One of the distinguishing features of computer science at Kent is that about eighty percent of students - over 100 this year - take a year's industrial placement between their second and final years. It's therefore not a hollow promise to say that their degree overall is a single package, delivered jointly by the school and its industrial partners. We teach what it makes sense to learn in the classroom, while our partners are able to give students the experience that can only come from working on real projects for real customers.
So, what is it that this selection of our graduate employers look for?
- First, it goes without saying that strong technical skills are required: in particular, our students need to be able to program. Not all CS graduates are competent programmers (!) - and many employers will test applicants' programming competence. Theory and maths were discussed too. But what other attributes do they need?
- Curiosity and the drive to learn. It's clear that all our graduates will be working in a quickly changing environment, and so will have to keep up with new technologies and applications. When presented with a situation, the best graduates will ask "why?", and try to find out the answer. They will likely have an agenda of what it is they want to learn, and what skills they want to develop. As a school, we therefore need to make sure that we help our students to be independent learners, both individually and together in groups.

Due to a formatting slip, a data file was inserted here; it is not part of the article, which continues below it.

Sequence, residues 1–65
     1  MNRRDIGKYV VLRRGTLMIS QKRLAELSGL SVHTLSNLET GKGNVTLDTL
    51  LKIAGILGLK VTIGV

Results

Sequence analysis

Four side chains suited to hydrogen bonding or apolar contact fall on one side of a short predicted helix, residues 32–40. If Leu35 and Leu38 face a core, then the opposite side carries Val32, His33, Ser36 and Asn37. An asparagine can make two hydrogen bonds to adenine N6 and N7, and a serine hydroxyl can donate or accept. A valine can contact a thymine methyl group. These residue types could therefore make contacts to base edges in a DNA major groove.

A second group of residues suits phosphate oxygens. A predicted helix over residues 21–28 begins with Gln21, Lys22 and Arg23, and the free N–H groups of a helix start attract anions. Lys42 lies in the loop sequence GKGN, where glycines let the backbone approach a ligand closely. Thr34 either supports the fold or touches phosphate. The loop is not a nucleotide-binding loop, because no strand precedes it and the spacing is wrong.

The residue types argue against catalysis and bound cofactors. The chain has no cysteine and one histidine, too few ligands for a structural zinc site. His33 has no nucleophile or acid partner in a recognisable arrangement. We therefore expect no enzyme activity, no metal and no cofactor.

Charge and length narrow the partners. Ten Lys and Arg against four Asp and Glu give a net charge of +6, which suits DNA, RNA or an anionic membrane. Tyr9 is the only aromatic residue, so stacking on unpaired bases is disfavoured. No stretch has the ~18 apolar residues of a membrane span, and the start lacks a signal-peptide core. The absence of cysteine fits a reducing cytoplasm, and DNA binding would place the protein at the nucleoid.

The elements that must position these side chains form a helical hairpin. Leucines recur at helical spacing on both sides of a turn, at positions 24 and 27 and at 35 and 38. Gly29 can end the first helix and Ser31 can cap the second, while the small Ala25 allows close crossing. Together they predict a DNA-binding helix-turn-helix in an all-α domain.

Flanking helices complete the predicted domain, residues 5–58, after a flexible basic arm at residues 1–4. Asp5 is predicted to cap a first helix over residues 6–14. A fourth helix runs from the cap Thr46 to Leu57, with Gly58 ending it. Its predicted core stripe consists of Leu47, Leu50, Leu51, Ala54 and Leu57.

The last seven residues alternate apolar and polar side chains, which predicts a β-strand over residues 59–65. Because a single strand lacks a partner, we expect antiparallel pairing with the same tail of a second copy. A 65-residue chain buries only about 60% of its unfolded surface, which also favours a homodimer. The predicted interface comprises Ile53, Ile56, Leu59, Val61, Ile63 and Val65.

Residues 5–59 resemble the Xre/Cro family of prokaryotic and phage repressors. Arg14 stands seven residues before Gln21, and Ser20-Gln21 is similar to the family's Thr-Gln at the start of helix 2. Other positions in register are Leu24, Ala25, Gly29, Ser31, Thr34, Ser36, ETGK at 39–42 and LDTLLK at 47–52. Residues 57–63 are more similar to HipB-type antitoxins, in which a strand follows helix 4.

- Approach. It's not enough to roll up your sleeves and start coding … nor is a system finished when it compiles without errors and passes a handful of tests. Those who are able to plan their work using pencil and paper before getting into the details of the work are likely to perform much better. Similarly, systems need to be unit tested, but also whole applications need to be exposed to potential users, and tested to destruction. This leads on to …
- Empathy. Testing is just one aspect of this. There are end users who'll need to interact with what a developer does, and having some sense of their needs, and how they will use the system: listening skills, and understanding the context of work - what does drive this: money? user engagement? - isn't an optional extra. Others may well work with challenging groups, for example clients of social care, with a particular approach and needs.
- The flip-side of this is being able to tell a story, or have a "value proposition". We can all suffer from this - I certainly have colleagues who can write research applications that are all about a great solution, but the problem is it's not clear what problem it is solving, if anything. So, begin able to appreciate context, and explain an idea from a different point of view, is key.
- More traditionally, I guess, are project skills: team working, appreciating the lifecycle - there's testing again, agile processes (our students, and students in general, seem to cling to waterfall models), and general infrastructure skills. A nice angle on testing was "what will be the impact of this software on the system when I integrate it, in terms of functionality, performance and scalability?" - it's not just a matter of meeting those few unit tests.
- Many employers saw students come in wanting to be developers, while an employer will be looking for wider ambition, ultimately. Employers are also looking for diversity in their recruits, not just in terms of gender, but all dimensions of difference.